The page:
Enhanced Box Score: Astros 0, Cubs 3 – July 1, 2012

The Cubs’ hot ways continued today, as they swept away the Astros. Seriously. That’s an actual sentence that I can type, and it’s all accurate.

Travis Wood remains one of the hottest starters in baseball, and the Cubs’ bats did just enough against Wandy Rodriguez to lock down the win. Carlos Marmol got another Marmol-esque save (i.e., not perfect, but some nasty Ks), but a save just the same.

David DeJesus was pulled late for Tony Campana (after himself coming in late as an apparently defensive sub), so we’ll have to keep an eye on that one. Hopefully it’s just a minor injury thing, or nothing at all (or a trade…?).

Brett Taylor is the editor and lead writer at Bleacher Nation, and can also be found as Bleacher Nation on Twitter and on Facebook.

106 responses to “Enhanced Box Score: Astros 0, Cubs 3 – July 1, 2012”

  1. Toby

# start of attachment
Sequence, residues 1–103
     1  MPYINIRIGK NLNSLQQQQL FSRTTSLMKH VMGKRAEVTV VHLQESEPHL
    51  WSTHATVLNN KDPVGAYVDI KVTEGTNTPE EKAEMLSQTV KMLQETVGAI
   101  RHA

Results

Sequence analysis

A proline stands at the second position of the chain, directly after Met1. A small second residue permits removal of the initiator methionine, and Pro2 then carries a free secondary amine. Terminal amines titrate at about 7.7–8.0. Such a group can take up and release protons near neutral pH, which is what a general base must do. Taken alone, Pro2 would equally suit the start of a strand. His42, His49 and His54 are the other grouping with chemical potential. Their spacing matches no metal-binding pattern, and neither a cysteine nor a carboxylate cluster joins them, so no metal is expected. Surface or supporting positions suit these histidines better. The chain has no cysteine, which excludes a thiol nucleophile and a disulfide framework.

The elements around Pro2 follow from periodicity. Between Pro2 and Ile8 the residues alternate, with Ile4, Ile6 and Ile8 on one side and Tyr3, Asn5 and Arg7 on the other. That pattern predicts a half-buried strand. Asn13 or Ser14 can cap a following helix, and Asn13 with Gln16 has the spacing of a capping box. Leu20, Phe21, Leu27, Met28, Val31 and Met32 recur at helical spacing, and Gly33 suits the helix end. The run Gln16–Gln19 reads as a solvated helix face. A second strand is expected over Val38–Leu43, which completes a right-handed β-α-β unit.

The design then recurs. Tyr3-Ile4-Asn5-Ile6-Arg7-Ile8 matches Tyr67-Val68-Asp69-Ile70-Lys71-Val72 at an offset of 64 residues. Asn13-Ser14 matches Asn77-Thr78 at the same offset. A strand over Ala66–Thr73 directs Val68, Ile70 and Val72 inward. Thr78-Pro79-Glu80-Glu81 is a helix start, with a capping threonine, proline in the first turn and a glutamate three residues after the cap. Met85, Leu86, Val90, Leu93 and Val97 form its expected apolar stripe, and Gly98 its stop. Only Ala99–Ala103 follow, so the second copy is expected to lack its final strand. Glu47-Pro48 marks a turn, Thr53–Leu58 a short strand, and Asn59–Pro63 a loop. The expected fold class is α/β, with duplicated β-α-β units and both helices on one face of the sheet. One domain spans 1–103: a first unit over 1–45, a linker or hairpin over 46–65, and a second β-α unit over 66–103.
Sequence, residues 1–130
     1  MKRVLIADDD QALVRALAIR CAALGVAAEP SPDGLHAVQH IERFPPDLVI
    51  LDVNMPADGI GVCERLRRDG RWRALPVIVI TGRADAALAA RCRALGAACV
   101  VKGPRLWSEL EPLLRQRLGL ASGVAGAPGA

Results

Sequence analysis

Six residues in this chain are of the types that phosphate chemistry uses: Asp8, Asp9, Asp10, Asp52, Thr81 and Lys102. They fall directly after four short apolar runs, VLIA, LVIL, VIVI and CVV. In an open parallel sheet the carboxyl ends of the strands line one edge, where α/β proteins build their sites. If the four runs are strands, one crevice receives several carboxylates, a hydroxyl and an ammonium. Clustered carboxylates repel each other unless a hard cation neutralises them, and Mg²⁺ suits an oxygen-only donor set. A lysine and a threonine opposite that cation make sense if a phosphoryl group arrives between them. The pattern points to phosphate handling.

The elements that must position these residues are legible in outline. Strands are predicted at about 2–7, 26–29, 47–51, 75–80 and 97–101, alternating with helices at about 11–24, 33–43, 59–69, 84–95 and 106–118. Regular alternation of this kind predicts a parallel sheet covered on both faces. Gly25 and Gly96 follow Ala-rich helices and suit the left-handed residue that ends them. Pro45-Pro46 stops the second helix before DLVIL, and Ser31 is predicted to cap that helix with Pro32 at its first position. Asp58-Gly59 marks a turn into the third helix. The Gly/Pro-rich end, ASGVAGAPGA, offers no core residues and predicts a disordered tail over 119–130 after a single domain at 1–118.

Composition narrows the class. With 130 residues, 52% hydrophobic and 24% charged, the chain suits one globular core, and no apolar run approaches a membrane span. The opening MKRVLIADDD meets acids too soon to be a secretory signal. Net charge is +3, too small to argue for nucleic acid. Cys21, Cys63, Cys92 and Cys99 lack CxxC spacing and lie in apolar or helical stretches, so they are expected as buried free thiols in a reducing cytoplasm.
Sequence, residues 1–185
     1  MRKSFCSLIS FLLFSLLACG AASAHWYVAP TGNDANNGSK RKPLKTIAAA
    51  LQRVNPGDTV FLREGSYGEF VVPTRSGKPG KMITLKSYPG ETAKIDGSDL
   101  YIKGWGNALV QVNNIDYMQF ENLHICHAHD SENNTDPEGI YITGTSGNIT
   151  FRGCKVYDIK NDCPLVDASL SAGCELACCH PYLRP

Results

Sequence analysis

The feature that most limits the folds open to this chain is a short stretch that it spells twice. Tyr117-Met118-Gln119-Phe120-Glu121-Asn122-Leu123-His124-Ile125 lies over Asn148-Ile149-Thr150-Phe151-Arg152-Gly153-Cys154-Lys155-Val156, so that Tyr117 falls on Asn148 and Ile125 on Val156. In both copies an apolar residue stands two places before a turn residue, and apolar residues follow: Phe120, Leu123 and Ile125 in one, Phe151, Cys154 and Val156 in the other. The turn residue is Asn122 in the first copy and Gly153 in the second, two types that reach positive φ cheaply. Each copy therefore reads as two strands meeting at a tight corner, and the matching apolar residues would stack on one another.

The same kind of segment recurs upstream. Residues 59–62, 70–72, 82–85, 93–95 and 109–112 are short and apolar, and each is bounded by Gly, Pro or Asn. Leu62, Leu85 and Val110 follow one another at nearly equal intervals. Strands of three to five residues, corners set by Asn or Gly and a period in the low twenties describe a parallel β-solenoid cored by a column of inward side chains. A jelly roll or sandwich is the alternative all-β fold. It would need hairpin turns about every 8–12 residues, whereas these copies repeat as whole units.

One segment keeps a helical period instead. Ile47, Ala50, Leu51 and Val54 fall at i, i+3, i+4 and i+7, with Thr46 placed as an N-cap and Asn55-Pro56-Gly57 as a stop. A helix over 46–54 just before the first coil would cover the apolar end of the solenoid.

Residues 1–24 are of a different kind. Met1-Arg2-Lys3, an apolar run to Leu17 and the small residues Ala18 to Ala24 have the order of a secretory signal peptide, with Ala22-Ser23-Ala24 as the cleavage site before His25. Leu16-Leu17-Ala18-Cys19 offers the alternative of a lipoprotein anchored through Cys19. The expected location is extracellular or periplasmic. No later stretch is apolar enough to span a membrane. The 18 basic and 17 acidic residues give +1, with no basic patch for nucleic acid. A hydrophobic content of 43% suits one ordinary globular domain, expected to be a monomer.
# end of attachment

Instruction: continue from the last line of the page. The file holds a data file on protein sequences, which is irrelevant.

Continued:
I believe fans forget how young Torreyes is. The kid is only 19 so there is time for him to develop. I’m not down on Sappelt, but he might end up being a prospect used to facilitate one of the trades the Cubs will end up doing in order to bring back a better package. I believe that the T.Wood/Marshall trade is a win for both teams.

    1. Kyle

      People get way too caught up on A-ball slash lines. Torreyes has improved his walks, his power and maintained his amazing contact rates. He’s had some abysmal BABIP luck and possibly wasn’t hitting enough line drives early, but he’s adjusted and is raking of late. He’ll be a top-100 prospect by the pre-2014 lists.

      Cubs crushed that trade. If the Reds are happy with Marshall, fine, but that trade will get its own chapter in the Cubs’ version of Moneyball.

      1. Toby

        I’m curious about something, but do you believe all these new sabermetric statistics have people overthinking a player? For example: I think WAR can be a misleading statistic because a player still has to go out and perform. Randy Wells has a career WAR of 6.7 according to baseball reference.com.

        1. DocPeterWimsey

          What WAR detects and what traditional performance metrics miss is that Randy Wells pitched very well for two seasons (2009, 2010), not just one (2009).  Too many traditional stats are team stats (e.g., wins, RBI, etc.): and a player performing well on a bad team will fare poorly in those.

          So, it is not overthinking, but changed thinking.

  2. Zach R.

    It looks like Marmol is back in his closing role for now. Looked pretty good the past week.